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Zync: Making Local Search Personal

Zync, a Massachusetts-based startup, operates a local event recommendation engine based around the city of Boston. The site currently lists 30,000 events across 20,000 venues. And even though it only has 355 users, they have amassed almost 9500 ratings.

According to Zync, their recommendation technology uses patent-pending algorithms to recommend events, activities, and restaurants to users based on the input of other, like-minded people. Theoretically, as with any peer recommendation system, this one would get better and more accurate the more people use it.

Of course that goes two ways: the more people like you who use the service, the more accurate its recommendations will be, and the more you use the service, the more it will learn about what a person like you is like. The way Zync first gets a handle on you is by asking a round of questions about your interests pertaining to food, music, sports, and other activities. After filling out the quick preferences survey, Zync begins to recommend things based on what other people with similar interests as you have rated highly.

In a blog post on the company’s blog from late-August, Zync co-founder Brad Rosen, talked about how as more people use ratings sites, the ratings become less meaningful. 137,000 people combined to give “Sin City” and 8.4/10 on IMDB, for example, but I generally don’t like comic book (or graphic novel) adaptations, so that rating doesn’t really help me.

“There‚Äôs a real need to personalize the way information is presented on the web, especially local information. We‚Äôve seen a movement towards “personalization” with netflix and amazon, and I believe this same approach can be applied in other markets, such as travel and “local,” to make it easier for people to find the right information.” — Brad Rosen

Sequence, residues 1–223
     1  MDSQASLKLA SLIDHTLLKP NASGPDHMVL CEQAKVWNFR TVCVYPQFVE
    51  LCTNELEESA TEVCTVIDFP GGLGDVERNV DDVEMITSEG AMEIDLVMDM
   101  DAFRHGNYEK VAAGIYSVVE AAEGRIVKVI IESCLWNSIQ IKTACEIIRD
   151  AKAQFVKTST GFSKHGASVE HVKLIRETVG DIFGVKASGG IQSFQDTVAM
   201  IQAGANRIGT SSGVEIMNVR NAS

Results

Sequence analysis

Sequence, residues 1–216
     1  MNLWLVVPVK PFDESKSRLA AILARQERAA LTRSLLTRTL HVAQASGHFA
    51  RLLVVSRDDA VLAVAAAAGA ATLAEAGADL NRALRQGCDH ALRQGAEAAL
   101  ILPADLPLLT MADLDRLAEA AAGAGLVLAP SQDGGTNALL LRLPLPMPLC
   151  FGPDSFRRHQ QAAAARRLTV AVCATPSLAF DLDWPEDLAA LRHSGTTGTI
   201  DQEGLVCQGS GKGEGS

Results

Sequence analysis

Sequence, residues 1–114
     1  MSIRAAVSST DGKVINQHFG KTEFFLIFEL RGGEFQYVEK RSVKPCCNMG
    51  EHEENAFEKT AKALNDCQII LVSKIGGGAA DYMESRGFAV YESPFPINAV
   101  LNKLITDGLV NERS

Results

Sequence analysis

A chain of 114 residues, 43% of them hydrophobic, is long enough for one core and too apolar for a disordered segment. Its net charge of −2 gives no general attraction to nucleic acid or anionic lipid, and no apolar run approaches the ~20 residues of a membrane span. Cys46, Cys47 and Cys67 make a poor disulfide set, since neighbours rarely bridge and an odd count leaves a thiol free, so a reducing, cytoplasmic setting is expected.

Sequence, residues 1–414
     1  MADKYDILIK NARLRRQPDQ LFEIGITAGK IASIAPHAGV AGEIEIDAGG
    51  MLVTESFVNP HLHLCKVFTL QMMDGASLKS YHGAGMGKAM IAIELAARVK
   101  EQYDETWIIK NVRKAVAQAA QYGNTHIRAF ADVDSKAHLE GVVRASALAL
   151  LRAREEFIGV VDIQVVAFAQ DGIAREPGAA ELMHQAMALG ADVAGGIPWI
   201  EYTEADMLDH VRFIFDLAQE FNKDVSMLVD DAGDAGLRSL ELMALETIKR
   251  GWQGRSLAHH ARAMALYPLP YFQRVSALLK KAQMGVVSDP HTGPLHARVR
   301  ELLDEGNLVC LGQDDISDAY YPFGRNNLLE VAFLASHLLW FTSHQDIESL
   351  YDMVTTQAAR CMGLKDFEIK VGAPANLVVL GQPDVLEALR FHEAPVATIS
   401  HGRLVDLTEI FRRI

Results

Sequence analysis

Zync recommends things to you based on what people with similar interests said they enjoyed, with apparent disregard to the ratings pool as a whole. I was often recommended things by the service that people supposedly similar to me rated 4/5, while Zync users as a whole rated the same things 2/5. The more you rate events, activities, restaurants, etc. the better the system learns about your tastes and can refine its recommendations.

Zync lets you rate things in two ways: before you’ve visited, or after. Presumably ratings from people who have already been to an event or location are weighted more heavily. Ratings aren’t all you to go by when making decisions about whether an activity is right for you; users are also encouraged to enter reviews. It would be great if Zync could add further context to the reviews by indicating how similar to your tastes the reviewer is.

Search results and lists of recommendations can be very narrowly refined with a great menu of filtering options. For example, events can be filtered by location, venue size, time/date, cost, age restrictions, and even by if they have a casual, trendy, or off-beat vibe among other things.

Events listings are tied in nicely with other services. You can add any listing to your Yahoo!, Google, iCal, or Outlook calendar, and for food listings you can make a reservation through OpenTable. Zync also makes use of Google Maps to provide a visual indication of where events are taking place.


The recommendations that Zync sent my way were mostly pretty accurate. For music events the first thing the site recommended was Soulive, a funk group that I have seen a couple of times and always enjoy. It’s hard not to (unfairly) expect services like this to know everything about you and always make great recommendations. Zync indicates that I probably wouldn’t like Taiwan Cafe, for example, where I ate a great meal two weeks ago and would certainly eat again. But the more people use the service, the more accurate the recommendations will get, and the more things I rate, the better it should get at telling me what I like. Of course, people are unpredictable, and there’s really no way for any system not to sometimes get things wrong as a result.

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